Learning from Liverpool: An Introduction

Emily King and Prem Krishnamurthy

Learning from Liverpool at K, [K-Komma], Berlin, 16 March 2018. Photos: Dirk Dähmlow, kurtkurz.com

“Every event is a rehearsal for the next event.” 

Arrival, the science-fiction blockbuster based on a novella by Ted Chiang, focuses on an encounter with a mysterious alien species that comes to Earth. Working together, a human linguist and physicist attempt to decipher the alien’s unfamiliar, grapheme-based written language, which follows categories and logic wholly different from the humans’ own. What the team discovers is that, for the aliens, time is not sequential but rather simultaneous—the future, past, and present are all collapsible into a single moment, which can assume any order. This recognition catapults the humans into a new understanding of their personal and political histories and trajectories. With this film and its temporal structure as a leitmotif, let’s looks backwards in order to look forwards (and perhaps then back again).

In November 2017, we launched (with co-curator Joasia Krysia) an exploratory, three-day symposium, “Design & Empire [working title]”, in collaboration with the Liverpool Biennial and Liverpool John Moores University. The event came together swiftly and decisively, but with little time for reflection—leaving us afterwards with ample documentation yet lingering questions. As the “[working title]” in our event moniker suggests, we knew that this symposium would be an initial starting point for further investigations, rather than a presentation of decisive conclusions. So we regrouped in March 2018 in Berlin-Schöneberg at K,: a “workshop for exhibition making” curated by P. Krishnamurthy in cooperation with KW Institute for Contemporary Art. The mission of K, (pronounced “K-Komma”) is to offer space and time for discussion, reflection, production, and presentation—as such, it made sense to dedicate one of its first public programs to a brief workshop for debriefing from the Liverpool symposium.

Our workshop format developed organically. The first half day responded to the physical exhibition space of K, itself—with its soft walls and open architecture—where we pinned up objects by each participant from Liverpool. These contributions, ranging from graphic ephemera to printed output to magazine spreads and an immersive video, made visible the conversations that emerged during our symposium; their arrangement annotated and extended the historical works already on view of East German designer and exhibition maker Klaus Wittkugel. The next morning, with these aides de memoire on hand, we focused on analyzing and diagramming the participants and structure of the original “Design & Empire [working title]” event to understand for ourselves the connections between the different contributors and which aspects of the topic each had addressed. The final half day lent us time to outline our thoughts for an evening public program, in which we used the objects in the space as proxies for recounting the symposium’s curatorial process and individual presentations, while soliciting audience feedback on the event’s structure—an in-gallery talk about a past event that then loops forwards to organize this introduction.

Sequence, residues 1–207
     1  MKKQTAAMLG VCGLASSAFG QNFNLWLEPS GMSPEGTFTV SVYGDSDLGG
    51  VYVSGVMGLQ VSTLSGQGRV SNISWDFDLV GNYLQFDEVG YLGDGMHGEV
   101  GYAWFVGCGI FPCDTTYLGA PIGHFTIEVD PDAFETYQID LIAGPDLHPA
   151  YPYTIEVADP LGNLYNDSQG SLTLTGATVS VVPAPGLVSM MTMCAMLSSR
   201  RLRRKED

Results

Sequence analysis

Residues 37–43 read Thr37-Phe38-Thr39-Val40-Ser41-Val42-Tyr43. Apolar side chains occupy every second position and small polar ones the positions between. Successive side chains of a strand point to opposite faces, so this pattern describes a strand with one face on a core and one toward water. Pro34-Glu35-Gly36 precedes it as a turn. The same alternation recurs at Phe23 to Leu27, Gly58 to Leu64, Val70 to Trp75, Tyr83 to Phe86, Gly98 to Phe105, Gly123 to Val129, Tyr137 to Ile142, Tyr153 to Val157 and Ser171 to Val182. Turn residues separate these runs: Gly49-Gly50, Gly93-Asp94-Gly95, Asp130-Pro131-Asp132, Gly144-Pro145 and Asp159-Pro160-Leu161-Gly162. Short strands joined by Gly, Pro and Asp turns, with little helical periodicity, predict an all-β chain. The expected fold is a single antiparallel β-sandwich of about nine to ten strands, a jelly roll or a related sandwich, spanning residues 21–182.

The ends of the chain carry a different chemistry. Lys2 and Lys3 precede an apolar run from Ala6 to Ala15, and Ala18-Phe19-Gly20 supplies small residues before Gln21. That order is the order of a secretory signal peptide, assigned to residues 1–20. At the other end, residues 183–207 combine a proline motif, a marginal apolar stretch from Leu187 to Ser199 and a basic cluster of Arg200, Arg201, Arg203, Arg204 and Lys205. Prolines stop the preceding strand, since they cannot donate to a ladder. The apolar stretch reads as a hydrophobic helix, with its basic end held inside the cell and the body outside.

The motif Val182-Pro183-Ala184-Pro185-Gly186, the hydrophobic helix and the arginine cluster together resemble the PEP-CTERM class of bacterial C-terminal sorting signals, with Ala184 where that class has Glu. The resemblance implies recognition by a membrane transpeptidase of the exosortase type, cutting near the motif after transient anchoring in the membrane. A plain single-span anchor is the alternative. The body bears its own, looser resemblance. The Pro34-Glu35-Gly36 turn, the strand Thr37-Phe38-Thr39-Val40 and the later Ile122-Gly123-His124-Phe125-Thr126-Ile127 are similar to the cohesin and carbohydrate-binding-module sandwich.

The symposium itself, Design & Empire [working title], used these twin terms to consider a broader question: how different forms of historical and contemporary power are shaped and distributed through the material goods and processes that are the products of design. Recent biennials and major exhibitions of design have focused on the field’s increasing influence and its humanitarian effects – shows to bolster the discipline’s self-image and public acceptance. Moving away from these, we hoped to highlight a more sinister aspect of the field: how it contributes to existing and emergent power structures, participating in the systems that help to control our world. At the same time, the symposium, situated within Liverpool, a city with its own submerged colonial history – as well as a key location for the Brexit vote, with 58.1% of the city’s citizens voting to remain – sought to bring this potentially educational perspective to a broader group of students and practitioners who might consider anew the field’s potential. Reflecting its exploratory rather than definitive approach, the symposium took multiple formats – including a keynote lecture, a participants’ dinner, presentations, conversations, lecture-performances, film screenings, guided tours, and even a culinary event. The participants themselves came from varied specializations, and included practitioners, theoreticians, and critics. Interestingly, almost none of the participants had ever met each other before, rare in a cultural gathering of this type. Such diversity also supported our structuring principle that the symposium should be multivocal rather than authoritative or monolithic.